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Etz Hayim—"Tree of Life" exists to promote Christian-Jewish relations and dialogue, and a joint biblical, spiritual and liturgical self-consciousness and cooperation.

As Christians, we cannot consider Judaism as a foreign religion; nor do we include the Jews among those called to turn from idols and to serve the true God (cf. 1 Thes 1:9). With them, we believe in the one God who acts in history, and with them we accept his revealed word...

—Pope Francis, Apostolic Exhortation, Evangelii Gaudium
24 Nov. 2013. Read the Document HERE

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JEWISH and CHRISTIAN
LITURGICAL READINGS

The readings list provided by Etz Hayim—"Tree of Life" follows the Torah Portion of the Week (Parashat Hashavuah) read by Jews every Sabbath, and the readings for Masses and Sunday liturgies used throughout the Christian world.

APPROACHING WEEKS’ LITURGICAL CYCLES...

   [JEWISH CYCLE]
11 December / Tevet 7 / Parashat Vayigash
14 December / Tevet 10 / Asara B'Tevet
18 December / Tevet 14 / Parashat Vayechi
25 December / Tevet 21 / Parashat Shemot
01 January / Tevet 28 / Parashat Vaera
08 January / Shevat 06 / Parashat Bo
15 January / Shevat 13 / Parashat Beshalach
17 January / Shevat 15 / Tu B'Shvat
22 January / Shevat 20 / Parashat Yitro
29 January / Shevat 27 / Parashat Mishpatim
05 February / 1 Adar 4 / Parashat Terumah
[Read a commentary on this week’s parashah (Torah potion) from Institute Saint Pierre de Sion-Ratisbonne, Bat Kol-Christian Center for Jewish Studies.]

   [ROMAN RITE]
08 December / The Immaculate Conception of the BVM
12 December / 3rd Sunday in Advent
19 December / 4th Sunday in Advent
25 December / The Nativity of the Lord, Christmas Day
26 December / The Holy Family of Jesus, Mary and Joseph
01 January 2022/ Mary, Mother of God
02 January / 2nd Sunday after Chritmas or Epiphany [Use readings for Epiphany if celebrating Epiphany this Sunday.]
06 January / Epiphany
09 January / Baptism of the Lord
16 January / 2nd Sunday in Ordinary Time
23 January / 3rd Sunday in Ordinary Time
30 January / 4th Sunday in Ordinary Time
  [Read a commentary on the gospel from Institute Saint Pierre de Sion-Ratisbonne,
Bat Kol-Christian Center for Jewish Studies.]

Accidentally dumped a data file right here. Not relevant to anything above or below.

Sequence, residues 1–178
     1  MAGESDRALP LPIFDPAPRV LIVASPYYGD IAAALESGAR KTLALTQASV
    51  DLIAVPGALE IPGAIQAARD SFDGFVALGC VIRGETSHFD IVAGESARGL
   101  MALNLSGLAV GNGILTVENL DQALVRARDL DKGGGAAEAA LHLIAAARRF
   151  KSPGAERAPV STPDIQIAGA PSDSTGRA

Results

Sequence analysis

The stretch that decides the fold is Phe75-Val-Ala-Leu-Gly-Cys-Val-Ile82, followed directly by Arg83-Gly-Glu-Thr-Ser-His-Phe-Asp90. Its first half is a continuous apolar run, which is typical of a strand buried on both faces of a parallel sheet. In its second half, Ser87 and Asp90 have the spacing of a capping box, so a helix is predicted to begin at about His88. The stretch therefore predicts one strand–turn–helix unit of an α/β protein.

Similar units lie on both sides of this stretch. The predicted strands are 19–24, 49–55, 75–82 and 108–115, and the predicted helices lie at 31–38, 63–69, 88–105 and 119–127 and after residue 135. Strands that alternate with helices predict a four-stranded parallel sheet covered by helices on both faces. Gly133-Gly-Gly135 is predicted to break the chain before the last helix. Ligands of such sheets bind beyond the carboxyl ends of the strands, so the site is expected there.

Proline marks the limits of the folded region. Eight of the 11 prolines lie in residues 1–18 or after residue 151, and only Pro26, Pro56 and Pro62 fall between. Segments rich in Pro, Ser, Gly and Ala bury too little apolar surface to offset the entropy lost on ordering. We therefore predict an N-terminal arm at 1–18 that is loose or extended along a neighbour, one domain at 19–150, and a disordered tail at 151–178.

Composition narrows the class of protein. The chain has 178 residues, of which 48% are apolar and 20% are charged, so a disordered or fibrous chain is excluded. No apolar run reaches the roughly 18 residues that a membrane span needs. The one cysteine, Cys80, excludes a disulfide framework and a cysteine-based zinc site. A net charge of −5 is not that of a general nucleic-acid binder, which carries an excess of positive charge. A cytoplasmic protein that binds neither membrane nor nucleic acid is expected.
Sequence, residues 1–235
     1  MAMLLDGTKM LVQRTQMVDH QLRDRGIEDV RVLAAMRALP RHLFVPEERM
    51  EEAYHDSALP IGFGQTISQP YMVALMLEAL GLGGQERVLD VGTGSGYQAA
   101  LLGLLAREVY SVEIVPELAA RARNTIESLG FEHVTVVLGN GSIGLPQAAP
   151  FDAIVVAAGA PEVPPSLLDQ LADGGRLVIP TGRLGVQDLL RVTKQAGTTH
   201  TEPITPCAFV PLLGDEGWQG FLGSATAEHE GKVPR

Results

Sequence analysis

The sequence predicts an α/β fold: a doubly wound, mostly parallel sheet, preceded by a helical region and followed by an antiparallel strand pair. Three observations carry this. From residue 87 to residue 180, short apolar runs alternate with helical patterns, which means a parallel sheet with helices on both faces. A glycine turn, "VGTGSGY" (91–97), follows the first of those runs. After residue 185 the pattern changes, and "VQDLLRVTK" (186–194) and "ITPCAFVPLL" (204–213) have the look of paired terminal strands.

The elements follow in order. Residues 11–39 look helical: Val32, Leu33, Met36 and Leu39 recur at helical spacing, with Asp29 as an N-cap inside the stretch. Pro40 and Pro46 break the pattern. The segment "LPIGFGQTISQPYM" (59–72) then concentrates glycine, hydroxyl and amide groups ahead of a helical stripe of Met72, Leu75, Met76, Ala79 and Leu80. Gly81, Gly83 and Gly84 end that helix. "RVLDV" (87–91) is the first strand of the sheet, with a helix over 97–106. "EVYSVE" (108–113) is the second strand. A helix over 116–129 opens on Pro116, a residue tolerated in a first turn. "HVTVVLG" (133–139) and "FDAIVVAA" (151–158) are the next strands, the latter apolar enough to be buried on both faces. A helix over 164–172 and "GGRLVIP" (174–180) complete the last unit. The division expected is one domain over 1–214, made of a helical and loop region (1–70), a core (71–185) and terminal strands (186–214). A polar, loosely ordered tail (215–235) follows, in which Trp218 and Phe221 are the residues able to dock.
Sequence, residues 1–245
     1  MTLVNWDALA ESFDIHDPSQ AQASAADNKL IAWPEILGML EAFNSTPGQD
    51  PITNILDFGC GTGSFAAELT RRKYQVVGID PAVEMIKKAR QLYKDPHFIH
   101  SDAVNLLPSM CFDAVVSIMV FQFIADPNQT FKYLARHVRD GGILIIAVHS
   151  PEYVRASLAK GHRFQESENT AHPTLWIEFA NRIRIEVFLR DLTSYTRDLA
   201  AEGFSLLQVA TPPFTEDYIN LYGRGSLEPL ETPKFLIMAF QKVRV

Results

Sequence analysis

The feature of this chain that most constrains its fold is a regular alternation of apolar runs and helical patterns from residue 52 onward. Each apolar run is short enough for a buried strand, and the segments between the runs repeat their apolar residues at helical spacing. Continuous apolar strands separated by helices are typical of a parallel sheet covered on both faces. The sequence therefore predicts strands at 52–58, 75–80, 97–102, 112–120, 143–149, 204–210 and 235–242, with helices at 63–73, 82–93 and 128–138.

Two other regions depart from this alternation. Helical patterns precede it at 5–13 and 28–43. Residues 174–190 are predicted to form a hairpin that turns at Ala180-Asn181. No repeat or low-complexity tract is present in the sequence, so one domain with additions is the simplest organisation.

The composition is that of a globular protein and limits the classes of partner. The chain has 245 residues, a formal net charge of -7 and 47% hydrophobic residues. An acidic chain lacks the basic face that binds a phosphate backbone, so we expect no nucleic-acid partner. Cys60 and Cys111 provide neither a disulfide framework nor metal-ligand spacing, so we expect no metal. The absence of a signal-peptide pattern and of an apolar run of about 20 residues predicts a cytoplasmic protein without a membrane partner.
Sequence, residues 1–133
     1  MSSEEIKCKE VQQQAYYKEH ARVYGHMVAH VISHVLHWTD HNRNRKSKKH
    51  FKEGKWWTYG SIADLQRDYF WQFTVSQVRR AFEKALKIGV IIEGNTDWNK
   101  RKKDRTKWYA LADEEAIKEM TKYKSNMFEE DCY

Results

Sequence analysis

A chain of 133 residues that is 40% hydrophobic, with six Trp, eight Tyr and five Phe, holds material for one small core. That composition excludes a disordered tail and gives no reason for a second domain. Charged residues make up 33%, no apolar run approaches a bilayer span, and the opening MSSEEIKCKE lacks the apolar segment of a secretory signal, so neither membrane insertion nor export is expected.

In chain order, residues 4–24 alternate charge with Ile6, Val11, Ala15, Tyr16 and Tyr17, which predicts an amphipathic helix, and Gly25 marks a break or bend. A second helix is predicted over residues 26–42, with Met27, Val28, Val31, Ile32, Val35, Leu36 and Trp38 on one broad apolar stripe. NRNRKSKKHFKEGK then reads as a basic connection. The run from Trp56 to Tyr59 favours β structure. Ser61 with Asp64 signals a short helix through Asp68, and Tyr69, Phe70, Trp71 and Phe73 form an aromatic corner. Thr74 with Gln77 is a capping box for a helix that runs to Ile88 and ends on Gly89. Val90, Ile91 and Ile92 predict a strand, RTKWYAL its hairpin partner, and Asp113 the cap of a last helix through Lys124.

[RCL]
12 December / 3rd Sunday in Advent
19 December / 4th Sunday in Advent
25 December / The Nativity of the Lord
26 December/ 1st Sunday after Christmas
01 January / Holy Name of Jesus
01 January / New Years Day
02 January / 2nd Sunday after Christmas
06 January / Epiphany
16 January / 2nd Sunday after Epiphany
23 January / 3rd Sunday after Epiphany
30 January / 4th Sunday after Epiphany

[LINK HERE to Liturgical Readings citations
for the dates above.]


The Hebrew Bible: A Translation with Commentary by Robert Alter.
[PAID LINKS - follow LINKS for detailed book information at Amazon]

 

 

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JEWISH and CHRISTIAN
LITURGICAL CALENDARS

(FOR 2021–2022 Jewish Year 5782–5783)
ENGLISH VERSION

CALENDÁRIO LITÚRGICO
JUDAICO—CRISTÃO

A VERSÃO EM PORTUGUÊS (DO BRASIL)

Weekly Readings
for Christians and Jews
this 16 month interfaith calendar covers
Jewish Year 5782-5783 & Christian Cycle:
Advent 2021–Advent 2022
...

The Jewish and Christian Liturgical Calendar download

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15TH OF THE MONTH OF SHEVAT
NEW YEAR FOR TREES
[28 JANUARY]

Tu BShevat is one of four Jewish New Years. The holiday is connected to the practice of tithing and the establishment of the “legal” age of a tree in order to determine when the fruit should be tithed and when one could eat the produce. Read more...

Pomegranate fruit

Tu B'Shevat (the word Tu is “15” written in Hebrew “טו”) falls near the beginning of spring after the bulk of the winter rains have fallen and trees are in bud with new growth and fertility.Tu B'Shevat (the word Tu is “15” written in Hebrew “טו”) falls near the beginning of spring after the bulk of the winter rains have fallen and trees are in bud with new growth and fertility.

The holiday is celebrated is different ways.
* Many eat fruit of the land, especially that of the “seven species” grown in Israel.
* New year for trees is also a time to focus on planting trees or raising money to plant trees, especially in Israel.
* In the 17th Century the Kaballists of Safed established a special seder which focused on the esoteric meaning to be found in the biblical statement, “Man is like the tree in the field” (Deut. 20:19). The practice spread among Sephardim and later to Ashkenazim who may celebrate a special seder modelled on the Passover seder on Tu B'Shevat.

Tu B'Shevat is not mentioned in the Torah but is found in the Mishnah in the context of establishing the correct date.

“There are four ‘new year’ days... the First of Shevat is the new year for trees, according to the ruling of Beit Shammai; Beit Hillel, says, the fifteenth of that month.” (Mishnah. Rosh Hashanah 1:1)

   
           
           
           
    Page Updated: 7 September, 2021      
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    Last Site Update: 29 August, 2021 | 21 Elul, 5781
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